Short Stop Launches Carbon Offsetting Program

The Grow program is featured at 17 convenience stores in northeastern Kansas.

MANHATTAN, Kan. — Short Stop and GreenPrint are coming together to offset carbon emissions through the debut of Grow.

Launched across all 17 Short Stop locations in Kansas, the Grow program will automatically calculate and offset tailpipe emissions up to 30 percent through investments in certified carbon reduction projects when customers fill up.

The program is the first-of-its-kind in Kansas, and it enables customers to do something positive for their planet and their local community, according to the company.

"We're committed to running our business sustainably and responsibly," said Short Stop's Samantha (Leiszler) Liby. "Together with our customers, we're reducing our environmental impact and helping the communities we serve in Kansas."

To ensure the integrity of the program, environmental technology company GreenPrint will provide real-time audited reporting showing details on carbon emissions, offsets purchased and retired, and project investments.

"We are excited to work with Short Stop to help them meet the needs of today's consumers in a purpose-driven way with an eye on a better tomorrow through more sustainable practices," said Pete Davis, founder and CEO of GreenPrint. "Through the Grow program, Short Stop is differentiating their brand. They are empowering consumers to make better choices at the pump while giving back to the local communities they serve and making a positive impact on the environment."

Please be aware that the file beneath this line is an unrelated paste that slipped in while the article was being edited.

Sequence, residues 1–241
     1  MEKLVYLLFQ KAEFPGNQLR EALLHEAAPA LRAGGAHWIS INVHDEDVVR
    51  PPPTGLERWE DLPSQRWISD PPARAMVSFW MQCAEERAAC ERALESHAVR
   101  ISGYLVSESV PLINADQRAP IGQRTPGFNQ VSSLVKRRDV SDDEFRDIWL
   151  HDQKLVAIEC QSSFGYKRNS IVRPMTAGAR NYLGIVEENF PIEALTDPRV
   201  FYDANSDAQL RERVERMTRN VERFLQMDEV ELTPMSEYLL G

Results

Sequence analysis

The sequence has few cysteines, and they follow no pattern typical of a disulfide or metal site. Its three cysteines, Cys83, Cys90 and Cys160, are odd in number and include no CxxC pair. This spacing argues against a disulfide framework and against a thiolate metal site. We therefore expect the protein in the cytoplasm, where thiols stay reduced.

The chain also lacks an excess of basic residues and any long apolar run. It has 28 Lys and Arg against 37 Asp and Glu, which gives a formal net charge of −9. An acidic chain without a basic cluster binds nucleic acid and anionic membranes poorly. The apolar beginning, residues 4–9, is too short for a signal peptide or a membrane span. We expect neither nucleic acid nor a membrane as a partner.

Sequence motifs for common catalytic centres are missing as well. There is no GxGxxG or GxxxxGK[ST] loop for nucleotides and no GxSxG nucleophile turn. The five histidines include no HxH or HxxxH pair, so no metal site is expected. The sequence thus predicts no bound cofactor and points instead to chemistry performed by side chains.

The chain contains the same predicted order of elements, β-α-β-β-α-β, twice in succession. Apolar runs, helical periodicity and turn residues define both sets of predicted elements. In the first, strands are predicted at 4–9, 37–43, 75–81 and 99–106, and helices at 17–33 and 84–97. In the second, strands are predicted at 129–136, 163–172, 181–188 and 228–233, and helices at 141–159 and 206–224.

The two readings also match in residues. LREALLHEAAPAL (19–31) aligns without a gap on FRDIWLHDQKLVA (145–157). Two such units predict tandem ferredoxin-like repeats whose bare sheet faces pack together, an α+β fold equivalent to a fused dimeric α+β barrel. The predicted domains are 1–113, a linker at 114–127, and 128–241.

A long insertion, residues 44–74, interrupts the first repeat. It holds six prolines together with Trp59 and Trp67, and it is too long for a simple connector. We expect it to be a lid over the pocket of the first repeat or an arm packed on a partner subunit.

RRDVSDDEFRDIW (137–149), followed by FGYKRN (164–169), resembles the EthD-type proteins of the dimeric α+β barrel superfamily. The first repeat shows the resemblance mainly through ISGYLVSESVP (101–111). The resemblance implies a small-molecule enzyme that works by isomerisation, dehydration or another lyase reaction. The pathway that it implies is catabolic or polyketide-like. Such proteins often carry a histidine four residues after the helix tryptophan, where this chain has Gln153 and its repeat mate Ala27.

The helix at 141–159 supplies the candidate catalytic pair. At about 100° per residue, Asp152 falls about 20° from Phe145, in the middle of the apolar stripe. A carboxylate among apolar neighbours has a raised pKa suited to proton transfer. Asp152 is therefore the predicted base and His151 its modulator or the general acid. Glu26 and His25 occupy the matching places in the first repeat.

To celebrate the launch of the Grown program, Short Stop is giving away a free tank of gas to 10 Kansas residents via a $50 gift card. The campaign began April 1 and ran through April 30.

In addition to offsetting customers' carbon emissions on all fuel sold, the Grow program will plant 5,000 trees with Arbor Day Foundation and support local community projects with partners like Kansas Forest Service.

Based in Manhattan, Leiszler Oil Co. owns and operates 17 Short Stop locations in northeastern Kansas, in addition to wholesale fuel and transport services.